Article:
The results in Table 2 show that oxygen titration and discontinuation and ventilator weaning protocols were most frequently used (64% and 57%, respectively), where “frequent use” bundles stakeholder responses of “often” and “always” and “infrequent use” bundles responses of “rarely” and “sometimes.” Overall, nearly half of the participating hospitals were frequent users of 7 of the 9 protocols surveyed, with protocols for ARDS and pneumonia used least frequently (38% and 30% of hospitals, respectively).
Teaching hospitals reported a non-significant trend toward using treatment-specific protocols more frequently and condition-specific protocols less frequently than non-teaching hospitals (Table 3). The overall use of protocols was significantly greater in larger hospitals than in smaller hospitals (P = .01). Furthermore, larger versus small hospitals (Table 4) were statistically different in their use of protocols for asthma (P = .02), ARDS (P = .02), hypoxemia (P = .01), oxygen titration and discontinuation (P = .03), ventilator weaning (P = .02), and bronchopulmonary hygiene (P = .07).
Table 5 presents the impressions of different stakeholder groups (physicians, RT managers, and RTs) regarding the impact of protocol use versus physician-directed care. All groups felt that protocol use lowered the cost of care, improved quality, enhanced RT and physician satisfaction, lowered physician work load, and enhanced patient satisfaction. Impressions regarding the impact of protocol use on RT work load differed between groups, with RTs equally divided among those believing work load increased (37%), decreased (31%), or remain unchanged (32%), but most physicians (54%) believed that RT work load increased, and the plurality of RT managers (42%) believed that RT work load decreased.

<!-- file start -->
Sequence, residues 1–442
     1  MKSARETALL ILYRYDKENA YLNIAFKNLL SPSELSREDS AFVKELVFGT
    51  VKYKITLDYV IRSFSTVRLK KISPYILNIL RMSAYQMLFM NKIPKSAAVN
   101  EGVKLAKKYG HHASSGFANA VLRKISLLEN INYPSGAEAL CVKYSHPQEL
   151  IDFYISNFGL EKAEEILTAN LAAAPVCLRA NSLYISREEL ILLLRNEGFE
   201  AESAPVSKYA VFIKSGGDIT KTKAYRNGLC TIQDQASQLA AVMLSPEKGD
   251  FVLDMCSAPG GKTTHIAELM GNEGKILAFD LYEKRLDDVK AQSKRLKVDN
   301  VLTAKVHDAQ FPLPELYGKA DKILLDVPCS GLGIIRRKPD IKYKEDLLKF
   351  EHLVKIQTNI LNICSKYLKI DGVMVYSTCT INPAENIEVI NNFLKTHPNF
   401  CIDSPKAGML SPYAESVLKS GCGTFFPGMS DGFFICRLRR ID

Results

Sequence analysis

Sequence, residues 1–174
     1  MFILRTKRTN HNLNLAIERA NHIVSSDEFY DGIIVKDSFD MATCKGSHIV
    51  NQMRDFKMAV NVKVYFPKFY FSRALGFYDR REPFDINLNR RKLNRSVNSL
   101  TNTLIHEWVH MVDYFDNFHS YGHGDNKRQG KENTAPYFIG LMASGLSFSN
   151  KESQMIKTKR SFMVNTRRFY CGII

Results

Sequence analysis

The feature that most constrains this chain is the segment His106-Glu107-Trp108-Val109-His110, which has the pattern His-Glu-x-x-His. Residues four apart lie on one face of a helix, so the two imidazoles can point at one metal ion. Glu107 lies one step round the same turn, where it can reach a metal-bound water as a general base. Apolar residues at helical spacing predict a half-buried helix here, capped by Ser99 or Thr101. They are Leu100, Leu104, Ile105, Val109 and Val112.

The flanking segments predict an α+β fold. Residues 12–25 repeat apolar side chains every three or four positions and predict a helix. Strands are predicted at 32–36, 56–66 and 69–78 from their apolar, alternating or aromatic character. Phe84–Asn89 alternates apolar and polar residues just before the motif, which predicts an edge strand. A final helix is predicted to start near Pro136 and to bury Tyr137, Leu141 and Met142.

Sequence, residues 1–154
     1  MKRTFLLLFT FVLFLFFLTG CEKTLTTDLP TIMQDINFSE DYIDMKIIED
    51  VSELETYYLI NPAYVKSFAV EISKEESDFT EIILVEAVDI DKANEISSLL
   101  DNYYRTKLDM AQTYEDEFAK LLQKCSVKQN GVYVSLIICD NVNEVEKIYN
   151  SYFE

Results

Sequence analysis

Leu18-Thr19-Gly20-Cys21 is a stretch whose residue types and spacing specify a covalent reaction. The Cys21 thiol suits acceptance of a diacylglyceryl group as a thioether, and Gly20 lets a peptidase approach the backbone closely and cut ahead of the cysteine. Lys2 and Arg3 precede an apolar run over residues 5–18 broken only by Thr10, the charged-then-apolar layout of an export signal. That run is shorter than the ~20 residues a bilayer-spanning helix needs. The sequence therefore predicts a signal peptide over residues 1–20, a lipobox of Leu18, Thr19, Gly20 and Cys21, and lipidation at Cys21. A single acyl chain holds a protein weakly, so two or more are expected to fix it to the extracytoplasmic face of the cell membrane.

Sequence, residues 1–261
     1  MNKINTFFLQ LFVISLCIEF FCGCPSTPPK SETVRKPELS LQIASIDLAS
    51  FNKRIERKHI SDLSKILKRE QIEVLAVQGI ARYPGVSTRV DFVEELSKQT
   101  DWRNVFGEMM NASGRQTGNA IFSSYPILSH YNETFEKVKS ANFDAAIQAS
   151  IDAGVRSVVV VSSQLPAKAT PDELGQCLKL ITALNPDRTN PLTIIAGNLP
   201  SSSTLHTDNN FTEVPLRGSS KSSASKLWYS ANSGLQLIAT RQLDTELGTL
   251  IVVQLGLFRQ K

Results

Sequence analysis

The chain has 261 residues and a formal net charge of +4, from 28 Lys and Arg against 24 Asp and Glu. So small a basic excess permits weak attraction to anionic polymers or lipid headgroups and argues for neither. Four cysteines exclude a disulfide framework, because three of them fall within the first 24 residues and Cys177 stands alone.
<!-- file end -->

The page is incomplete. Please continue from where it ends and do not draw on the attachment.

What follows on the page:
Table 6 presents the results of logistic regression analysis of factors associated with respiratory care protocol use. Odds ratios (ORs) for using protocols significantly exceeding 1 (ie, positively associated with protocol use) were observed for physician support (OR = 3.68, P < .01) and for use of high-quality hospital information systems (OR = 2.33, P = .03), with a trend toward protocol use being associated with having organizational support (OR = 5.46, P = .07). ORs for other features (including RT and RT manager support, use of quality practices, and hospital and unit characteristics) did not differ significantly from 1 (all P > .10). Factors significantly associated with high use of protocols included physician support (OR = 18.20, P < .01) and RT support (OR = 16.92, P = .04), with high use of protocols marginally associated with use of quality practices in a hospital (OR = 15.05, P = .06).